Minnesota Twins starting pitcher Joe Ryan doesn’t know exactly how playing water polo impacted his baseball career, but one aspect of his days in the pool seems to have obviously carried over to the mound: his warmup routine.
Check it out:
I love that Joe Ryan, who was a water polo player, just did a pre-inning stretch on the mound that looks very similar to what swimmers do on their starting block. (Watch until the shoulder shimmy at the end.) pic.twitter.com/sUirIxQ6mv
— John Bonnes (@TwinsGeek) September 9, 2021
Seems like a textbook performance of Michael Phelps‘ signature arm flap. In fact, Phelps even did that warmup — shoulder shimmy included — before he threw out the first pitch, caught by pitcher Archie Bradley, at an Arizona Diamondbacks game in 2018. Bradley also tried out the famed warmup.
Last night, the greatest Olympian ever traded in the pool for the diamond.
— Arizona Diamondbacks (@Dbacks) August 26, 2018
Ryan considered water polo his primary sport for about a decade when he was growing up, and credits the sport for helping him avoid baseball burnout. He was originally drafted in the 39th round out of high school in 2014, but instead of starting his pro baseball career then, opted to play in college and was later drafted in the seventh round in 2018.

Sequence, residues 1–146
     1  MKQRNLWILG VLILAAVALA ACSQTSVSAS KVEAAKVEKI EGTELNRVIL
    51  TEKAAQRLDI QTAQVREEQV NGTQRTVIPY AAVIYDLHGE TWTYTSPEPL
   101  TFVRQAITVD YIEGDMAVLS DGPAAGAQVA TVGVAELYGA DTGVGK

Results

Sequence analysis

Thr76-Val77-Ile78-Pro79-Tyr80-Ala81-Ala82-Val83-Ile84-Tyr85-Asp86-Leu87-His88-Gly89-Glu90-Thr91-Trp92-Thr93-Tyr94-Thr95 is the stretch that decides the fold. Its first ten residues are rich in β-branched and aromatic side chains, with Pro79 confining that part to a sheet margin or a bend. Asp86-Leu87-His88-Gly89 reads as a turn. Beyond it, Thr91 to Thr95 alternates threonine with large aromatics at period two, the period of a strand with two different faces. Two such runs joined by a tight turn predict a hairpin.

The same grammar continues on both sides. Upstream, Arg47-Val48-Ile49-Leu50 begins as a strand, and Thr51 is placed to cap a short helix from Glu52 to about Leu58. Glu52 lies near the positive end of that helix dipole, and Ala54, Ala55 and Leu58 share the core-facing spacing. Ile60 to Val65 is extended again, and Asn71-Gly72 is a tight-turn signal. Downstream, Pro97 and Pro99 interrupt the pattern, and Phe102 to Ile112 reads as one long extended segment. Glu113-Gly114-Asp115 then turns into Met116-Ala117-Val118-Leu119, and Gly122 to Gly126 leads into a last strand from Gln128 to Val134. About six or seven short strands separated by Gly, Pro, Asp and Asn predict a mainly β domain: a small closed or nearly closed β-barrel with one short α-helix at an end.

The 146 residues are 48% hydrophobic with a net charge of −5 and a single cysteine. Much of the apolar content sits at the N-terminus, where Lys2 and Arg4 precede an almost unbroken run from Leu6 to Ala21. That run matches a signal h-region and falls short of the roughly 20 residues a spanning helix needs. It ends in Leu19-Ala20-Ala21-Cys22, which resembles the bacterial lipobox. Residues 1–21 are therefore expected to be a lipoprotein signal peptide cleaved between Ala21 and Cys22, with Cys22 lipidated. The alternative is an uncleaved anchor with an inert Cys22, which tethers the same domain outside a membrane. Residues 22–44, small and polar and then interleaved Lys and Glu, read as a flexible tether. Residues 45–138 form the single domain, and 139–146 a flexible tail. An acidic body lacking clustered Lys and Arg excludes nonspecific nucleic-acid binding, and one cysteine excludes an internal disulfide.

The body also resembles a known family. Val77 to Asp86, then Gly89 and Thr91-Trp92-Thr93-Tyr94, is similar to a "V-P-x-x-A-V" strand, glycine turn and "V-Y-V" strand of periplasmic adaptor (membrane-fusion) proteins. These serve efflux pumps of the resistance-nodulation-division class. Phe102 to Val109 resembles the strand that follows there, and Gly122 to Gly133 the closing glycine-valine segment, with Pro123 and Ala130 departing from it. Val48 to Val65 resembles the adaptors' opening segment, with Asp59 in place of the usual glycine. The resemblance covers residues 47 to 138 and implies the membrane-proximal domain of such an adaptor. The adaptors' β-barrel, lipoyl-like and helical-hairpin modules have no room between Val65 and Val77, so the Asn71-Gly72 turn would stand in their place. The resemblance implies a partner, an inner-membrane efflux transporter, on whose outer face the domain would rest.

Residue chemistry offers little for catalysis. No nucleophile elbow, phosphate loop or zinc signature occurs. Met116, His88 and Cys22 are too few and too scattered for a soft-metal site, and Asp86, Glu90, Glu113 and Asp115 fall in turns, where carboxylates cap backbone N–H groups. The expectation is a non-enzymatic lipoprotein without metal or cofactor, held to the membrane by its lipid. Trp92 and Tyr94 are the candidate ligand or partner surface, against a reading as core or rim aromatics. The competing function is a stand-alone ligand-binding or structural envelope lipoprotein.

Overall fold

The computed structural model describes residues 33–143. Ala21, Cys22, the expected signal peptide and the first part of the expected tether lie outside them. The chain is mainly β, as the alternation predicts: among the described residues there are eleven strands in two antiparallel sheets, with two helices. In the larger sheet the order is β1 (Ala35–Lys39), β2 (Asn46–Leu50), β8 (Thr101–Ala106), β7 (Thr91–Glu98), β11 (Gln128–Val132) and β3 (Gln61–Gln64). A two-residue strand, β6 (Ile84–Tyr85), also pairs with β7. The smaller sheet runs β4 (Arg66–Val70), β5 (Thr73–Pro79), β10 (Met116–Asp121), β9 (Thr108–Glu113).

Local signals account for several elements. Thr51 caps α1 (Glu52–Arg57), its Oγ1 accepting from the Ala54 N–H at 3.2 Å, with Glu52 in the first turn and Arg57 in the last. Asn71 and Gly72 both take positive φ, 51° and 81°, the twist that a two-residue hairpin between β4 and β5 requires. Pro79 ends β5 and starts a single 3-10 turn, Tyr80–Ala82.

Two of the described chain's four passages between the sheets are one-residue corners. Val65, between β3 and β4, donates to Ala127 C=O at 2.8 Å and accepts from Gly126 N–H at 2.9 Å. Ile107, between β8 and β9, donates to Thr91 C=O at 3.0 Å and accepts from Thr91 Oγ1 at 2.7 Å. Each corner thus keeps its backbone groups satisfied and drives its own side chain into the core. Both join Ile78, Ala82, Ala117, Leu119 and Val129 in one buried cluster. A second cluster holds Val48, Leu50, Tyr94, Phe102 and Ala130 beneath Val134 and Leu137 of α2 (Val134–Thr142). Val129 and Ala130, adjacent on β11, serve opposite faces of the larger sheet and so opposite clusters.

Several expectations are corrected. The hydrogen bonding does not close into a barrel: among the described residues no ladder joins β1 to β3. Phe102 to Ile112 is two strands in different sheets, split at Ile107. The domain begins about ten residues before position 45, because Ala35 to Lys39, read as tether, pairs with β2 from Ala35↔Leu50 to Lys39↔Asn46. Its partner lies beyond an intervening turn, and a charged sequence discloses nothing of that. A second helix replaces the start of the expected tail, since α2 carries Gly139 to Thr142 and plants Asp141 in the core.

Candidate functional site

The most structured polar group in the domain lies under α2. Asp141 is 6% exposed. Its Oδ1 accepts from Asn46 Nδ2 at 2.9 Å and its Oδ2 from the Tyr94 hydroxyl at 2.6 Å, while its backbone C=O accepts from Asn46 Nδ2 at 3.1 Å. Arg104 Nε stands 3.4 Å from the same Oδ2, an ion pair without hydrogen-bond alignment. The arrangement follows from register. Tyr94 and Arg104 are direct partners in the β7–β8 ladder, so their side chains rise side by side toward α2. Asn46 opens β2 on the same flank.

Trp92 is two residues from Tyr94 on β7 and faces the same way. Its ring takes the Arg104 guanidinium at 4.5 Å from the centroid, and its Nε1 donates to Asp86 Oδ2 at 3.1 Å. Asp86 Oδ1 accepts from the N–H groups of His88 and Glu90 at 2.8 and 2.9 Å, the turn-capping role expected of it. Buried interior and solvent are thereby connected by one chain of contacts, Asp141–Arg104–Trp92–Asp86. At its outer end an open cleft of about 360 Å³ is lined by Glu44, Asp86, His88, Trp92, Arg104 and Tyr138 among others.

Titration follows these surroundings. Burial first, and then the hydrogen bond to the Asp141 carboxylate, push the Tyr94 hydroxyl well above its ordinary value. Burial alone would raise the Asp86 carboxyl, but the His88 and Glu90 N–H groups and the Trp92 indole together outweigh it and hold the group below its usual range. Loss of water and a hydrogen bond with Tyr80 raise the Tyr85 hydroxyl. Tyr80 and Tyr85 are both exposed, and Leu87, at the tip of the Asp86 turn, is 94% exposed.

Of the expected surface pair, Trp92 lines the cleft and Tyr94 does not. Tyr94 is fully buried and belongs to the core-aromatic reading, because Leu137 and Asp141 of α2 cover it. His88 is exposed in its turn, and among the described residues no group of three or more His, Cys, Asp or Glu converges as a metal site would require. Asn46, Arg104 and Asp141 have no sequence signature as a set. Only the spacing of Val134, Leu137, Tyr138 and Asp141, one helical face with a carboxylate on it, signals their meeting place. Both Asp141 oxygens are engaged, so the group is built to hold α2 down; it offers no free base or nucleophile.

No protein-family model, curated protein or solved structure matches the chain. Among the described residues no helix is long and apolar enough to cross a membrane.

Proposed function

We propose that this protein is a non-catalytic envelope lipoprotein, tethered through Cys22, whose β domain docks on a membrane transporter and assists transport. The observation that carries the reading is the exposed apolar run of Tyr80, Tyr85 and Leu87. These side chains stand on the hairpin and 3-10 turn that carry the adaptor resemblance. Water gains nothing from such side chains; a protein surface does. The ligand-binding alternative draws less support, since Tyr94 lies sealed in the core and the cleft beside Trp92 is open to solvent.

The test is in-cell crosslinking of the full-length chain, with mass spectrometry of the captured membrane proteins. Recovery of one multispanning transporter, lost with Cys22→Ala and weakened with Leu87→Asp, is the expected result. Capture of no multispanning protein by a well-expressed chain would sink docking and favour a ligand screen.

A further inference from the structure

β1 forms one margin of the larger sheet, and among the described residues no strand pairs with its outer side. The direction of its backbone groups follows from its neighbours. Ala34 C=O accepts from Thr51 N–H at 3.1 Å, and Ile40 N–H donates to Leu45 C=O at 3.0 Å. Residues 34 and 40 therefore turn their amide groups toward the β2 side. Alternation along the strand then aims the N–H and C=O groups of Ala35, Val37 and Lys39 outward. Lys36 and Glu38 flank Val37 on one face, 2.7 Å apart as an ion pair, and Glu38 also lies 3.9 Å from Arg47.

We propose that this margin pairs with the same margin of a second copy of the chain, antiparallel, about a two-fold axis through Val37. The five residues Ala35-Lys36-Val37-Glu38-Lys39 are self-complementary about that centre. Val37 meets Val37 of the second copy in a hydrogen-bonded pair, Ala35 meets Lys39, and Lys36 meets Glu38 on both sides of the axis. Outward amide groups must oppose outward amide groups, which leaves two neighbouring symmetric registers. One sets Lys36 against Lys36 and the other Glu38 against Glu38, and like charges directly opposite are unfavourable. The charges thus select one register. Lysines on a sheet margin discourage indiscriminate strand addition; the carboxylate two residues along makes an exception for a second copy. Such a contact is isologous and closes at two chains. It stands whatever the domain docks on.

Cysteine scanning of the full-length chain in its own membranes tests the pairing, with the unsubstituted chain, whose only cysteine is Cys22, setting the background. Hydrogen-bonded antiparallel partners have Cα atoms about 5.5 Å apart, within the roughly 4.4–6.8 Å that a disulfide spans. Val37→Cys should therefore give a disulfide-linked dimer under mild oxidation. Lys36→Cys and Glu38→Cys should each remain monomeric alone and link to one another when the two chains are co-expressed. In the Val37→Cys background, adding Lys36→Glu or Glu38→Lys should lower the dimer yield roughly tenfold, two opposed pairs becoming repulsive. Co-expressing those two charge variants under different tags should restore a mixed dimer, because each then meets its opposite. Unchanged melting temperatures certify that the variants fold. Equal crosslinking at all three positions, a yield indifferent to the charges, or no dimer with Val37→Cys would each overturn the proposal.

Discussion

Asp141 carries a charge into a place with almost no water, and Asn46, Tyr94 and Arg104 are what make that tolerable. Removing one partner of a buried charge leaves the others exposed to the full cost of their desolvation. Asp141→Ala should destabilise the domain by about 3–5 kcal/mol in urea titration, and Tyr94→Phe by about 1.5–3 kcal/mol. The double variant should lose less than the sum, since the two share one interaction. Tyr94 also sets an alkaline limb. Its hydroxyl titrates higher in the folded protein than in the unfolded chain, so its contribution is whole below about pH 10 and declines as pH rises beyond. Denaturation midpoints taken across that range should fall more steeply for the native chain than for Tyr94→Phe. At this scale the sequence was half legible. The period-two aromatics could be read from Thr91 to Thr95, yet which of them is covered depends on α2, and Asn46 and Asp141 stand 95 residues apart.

The Phelps warmup apparently worked for Ryan when that video was snapped on Sept. 8, as the rookie took a perfect game into the seventh inning of his second MLB start.
“[Ryan] had an absolute cannon (in the pool),” Olympic water polo player Dylan Woodhead, who played with him in high school, recently told The Athletic. “He could rip it hard. It was a while ago, but I still have memories to this day of how hard he shoots and also how focused he was on his end-goal of baseball even while playing water polo, just being very protective of your arm and being healthy.”
The 25-year-old Ryan started for Team USA in baseball in Tokyo, where Woodhead got the chance to watch him play (Ryan, then a minor leaguer, was actually traded to the Twins while at the Olympics).
“His arm angle is very unique and low and it definitely is affected by water polo,” Woodhead said. “You can see that pretty easily with a lot of the professional water polo players, how versatile their arm angles are and how much they’re using their torso and core to generate power. Joe obviously generates a lot with his legs too, but there’s definitely some parts of the water polo throwing motion that he’s kind of hung onto while throwing the baseball.”